On some days I am more productive than on other days, and that’s OK.
I know sometimes there are things that I certainly could have done better.
I know that I can’t make everyone happy or spend as much time as I could on everyone.
I know there’s a bunch of crap I don’t know.
Sometimes I make mistakes, and that’s OK.
I will try my best to learn and to improve, but I’ll also give myself a break.
I will be as thoughtful and understanding with myself as I am with my clients and with my coworkers.
I am an awesome and sexy nonprofit unicorn.”
Change is inevitable. Especially in well-functioning nonprofit organizations, consistent reevaluation of your work, your staffing structure, and your resources is key. As the world changes around us, the work we do to serve our clients should change as well.
But change can be scary. Especially for people like me, workers who set up their processes and procedures and get into a groove. They know what they need to do figure out the best way to get to where they need to be. Those slow and steady turtles that often win the race – I am definitely one of those. Those folks take change the hardest.
But – it doesn’t have to be that way. Any time you need to implement change in your organization, remember there are turtles like me. Remember that involving us in the conversation (if that’s an option) is key to do from the beginning. If you can’t involve us in the decision making process, walk us through the justifications as to why these choices are the best for the organization. Explain to us why you’re doing what you’re doing and allow us to understand how we are key to the process. Make us feel like a valuable member of the team and show us why the changes will help us do our work, and help the organization in the long run.
Without that, the turtle can get lost. But with adequate explanation, the turtle just might surprise you and win that race.
While it’s easy to put foundations and other funders on a pedestal, these are the institutions that need the most feedback, argues Phil Buchanan in the Chronicle of Philanthropy‘s Foundation CEOs Need Candid Feedback to Succeed in Driving Change. This great piece, taking inspiration from Ford Foundation’s president Darren Walker’s recently released letter on his first year in office, discusses the pressure that foundation heads are under to perform and the need for feedback to ensure they are doing their best work.
I couldn’t agree more, and would argue that this idea of the importance of candid feedback can translate to any entity or person in power. Whether it’s your boss, your organization’s CEO, your local government or the president of the United States, people in power need to hear about the ways their decisions affect the people around them.
In fact, the more power one has, the more influence they have, and often (especially in the nonprofit sector), the less people are inclined to give feedback. The nonprofit sector has a mistaken culture of niceness where confrontation is avoided for the sake of being “nice” – when, in fact, lack of feedback is actually unkind. If you really care about the success of someone in power, the nicest thing you can do for them is provide them with candid feedback. No one is perfect, no matter how much power she has. So the only way to improve is by hearing from others.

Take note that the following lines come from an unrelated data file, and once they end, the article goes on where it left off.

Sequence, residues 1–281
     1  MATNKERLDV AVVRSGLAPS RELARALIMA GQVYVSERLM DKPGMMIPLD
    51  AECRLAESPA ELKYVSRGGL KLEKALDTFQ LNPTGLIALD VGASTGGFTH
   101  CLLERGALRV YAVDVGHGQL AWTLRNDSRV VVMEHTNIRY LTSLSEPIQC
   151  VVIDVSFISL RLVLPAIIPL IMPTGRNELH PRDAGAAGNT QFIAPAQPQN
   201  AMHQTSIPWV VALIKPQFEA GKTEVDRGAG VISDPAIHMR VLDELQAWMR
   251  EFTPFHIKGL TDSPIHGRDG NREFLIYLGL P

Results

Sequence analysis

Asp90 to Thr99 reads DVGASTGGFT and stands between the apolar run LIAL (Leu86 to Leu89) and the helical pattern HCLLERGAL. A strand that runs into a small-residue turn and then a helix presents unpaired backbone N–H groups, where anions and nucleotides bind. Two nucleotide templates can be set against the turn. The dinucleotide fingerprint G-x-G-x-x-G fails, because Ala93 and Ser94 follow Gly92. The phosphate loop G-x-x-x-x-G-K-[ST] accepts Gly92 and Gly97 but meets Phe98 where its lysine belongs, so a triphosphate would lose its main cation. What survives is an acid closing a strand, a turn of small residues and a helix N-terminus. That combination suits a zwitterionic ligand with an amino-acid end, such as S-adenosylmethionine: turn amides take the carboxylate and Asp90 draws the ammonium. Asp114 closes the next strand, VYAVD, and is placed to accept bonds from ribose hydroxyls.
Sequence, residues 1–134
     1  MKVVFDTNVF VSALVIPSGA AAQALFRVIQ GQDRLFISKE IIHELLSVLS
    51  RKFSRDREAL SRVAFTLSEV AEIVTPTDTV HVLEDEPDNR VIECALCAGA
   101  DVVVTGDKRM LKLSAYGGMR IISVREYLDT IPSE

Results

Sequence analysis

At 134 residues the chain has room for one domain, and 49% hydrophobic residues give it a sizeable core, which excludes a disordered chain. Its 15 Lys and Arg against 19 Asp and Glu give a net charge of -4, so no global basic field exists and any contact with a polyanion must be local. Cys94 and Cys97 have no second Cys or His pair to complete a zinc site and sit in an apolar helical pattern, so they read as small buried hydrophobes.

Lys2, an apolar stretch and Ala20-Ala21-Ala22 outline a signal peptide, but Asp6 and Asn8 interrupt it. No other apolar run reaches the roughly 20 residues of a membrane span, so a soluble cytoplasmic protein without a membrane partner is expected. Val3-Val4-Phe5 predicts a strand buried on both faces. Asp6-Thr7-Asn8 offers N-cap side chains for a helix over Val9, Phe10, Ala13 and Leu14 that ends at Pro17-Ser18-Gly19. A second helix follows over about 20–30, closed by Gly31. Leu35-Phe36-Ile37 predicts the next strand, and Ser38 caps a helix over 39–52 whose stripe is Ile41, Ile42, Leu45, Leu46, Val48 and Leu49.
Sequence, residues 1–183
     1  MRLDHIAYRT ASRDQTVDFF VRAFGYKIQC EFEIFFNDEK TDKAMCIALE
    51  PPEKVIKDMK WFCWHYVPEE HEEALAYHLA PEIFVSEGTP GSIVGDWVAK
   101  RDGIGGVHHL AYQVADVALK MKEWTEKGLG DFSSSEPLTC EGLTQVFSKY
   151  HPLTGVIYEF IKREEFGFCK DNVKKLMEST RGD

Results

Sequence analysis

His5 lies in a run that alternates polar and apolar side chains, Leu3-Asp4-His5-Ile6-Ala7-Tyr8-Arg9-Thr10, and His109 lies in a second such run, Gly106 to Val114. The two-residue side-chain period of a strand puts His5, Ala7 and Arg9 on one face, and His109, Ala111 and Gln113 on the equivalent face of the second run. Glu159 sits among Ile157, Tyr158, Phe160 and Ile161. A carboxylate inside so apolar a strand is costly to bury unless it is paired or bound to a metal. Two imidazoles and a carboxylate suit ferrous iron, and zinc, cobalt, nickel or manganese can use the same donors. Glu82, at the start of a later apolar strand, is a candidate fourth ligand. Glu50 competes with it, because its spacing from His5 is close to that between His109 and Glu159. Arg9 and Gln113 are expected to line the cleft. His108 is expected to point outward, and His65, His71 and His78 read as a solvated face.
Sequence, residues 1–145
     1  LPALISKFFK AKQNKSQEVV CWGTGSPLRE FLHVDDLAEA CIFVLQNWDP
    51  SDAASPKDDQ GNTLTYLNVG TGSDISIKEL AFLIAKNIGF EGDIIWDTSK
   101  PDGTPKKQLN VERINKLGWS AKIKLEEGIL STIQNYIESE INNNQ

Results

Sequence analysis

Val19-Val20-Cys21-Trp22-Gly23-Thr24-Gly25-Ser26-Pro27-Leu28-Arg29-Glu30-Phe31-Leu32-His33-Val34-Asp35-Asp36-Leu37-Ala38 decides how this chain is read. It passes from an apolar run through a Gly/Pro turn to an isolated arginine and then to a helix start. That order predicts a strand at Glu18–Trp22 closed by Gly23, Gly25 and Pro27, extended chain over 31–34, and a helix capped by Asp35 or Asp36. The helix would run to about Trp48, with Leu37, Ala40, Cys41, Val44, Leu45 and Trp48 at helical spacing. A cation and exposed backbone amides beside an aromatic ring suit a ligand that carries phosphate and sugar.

Today, give your boss a piece of candid feedback. More times than not, instead of reprimanding you, she will appreciate you.
Thrilled to share that my third guest blog post, Story Time: Not Just for Babies, was published last week on Nancy Schwartz’s Getting Attention! Helping Nonprofits Succeed through Effective Marketing. I had a great time writing about the importance of telling stories in nonprofit marketing. People aren’t moved by numbers or data, they are moved by relating to someone. I don’t discount the importance of data and the integral role it should play in nonprofit marketing. But to get someone to act, they must feel. And to get someone to feel, they must understand.
Of all the self help tips I’ve read, all the leadership lessons that have been passed along to me, all the nuggets of life advice I’ve been given, I can sum everything up in one word:
We’re all different people coming to situations with different perspectives. We all have something to offer a situation and a good leader understands that. A good leader can listen to everyone that comes across their path and distill order out of chaos. But before they can make sense of anything, they must do just that: listen.
Listening isn’t something to be done passively. In fact, meaningful listening takes more effort and energy than speaking. Listening doesn’t just mean hearing – it means understanding where the person is coming from, what matters to them, and how they feel about a situation. It means hearing what they are saying but also perceiving their body language, tone, and passion. It takes unique abilities to listen well, and it just may be the secret to becoming a great leader.
Today, consider the situations you find yourself in. When communicating with others, are you truly actively listening, or coming to the conversation with your own agenda? It’s great to maintain focus when it comes to getting what you want, but be open to understanding other people’s perspectives as well. You never know, what you thought you wanted just might not have been the best thing for you or your organization.
I’m currently participating in a six week series on Metta, or loving-kindness meditation. Lately we’ve been focusing on self-love and last week we reviewed the very important concept of forgiving yourself.
This is such an important thing to remember in the workplace too. As Millennials in the nonprofit sector, we have a trend to be too hard on ourselves. We know the good we want to do in the world and the potential our energy, skills, and insight brings to the table. We want to change the world and we know we can.
So when we slip up, we get very frustrated and mad at ourselves. We worry about how it looks to our colleagues – looking like we don’t know what we’re doing might be the worst thing we can imagine. Our professional reputation is extremely important to us. We feel it dictates our entire future. It defines us.
The truth is, everyone makes mistakes. Mistakes are what make us human and teach us how to deal with issues as they come up. Getting through a slip up can cause you to learn so much and be a better person. It can teach you resilience and professionalism. It can teach you how to be a better employee and a better manager.
So, this is a call that we must forgive ourselves. Forgive ourselves for any mistakes we have made at work. Ten years from now, none of this will matter. Will it matter ten months from now? Ten days from now? Likely not. Forgive yourself and let go of the past. It will liberate you to move forward with your work in a brand new way. Don’t worry: you’re still changing the world.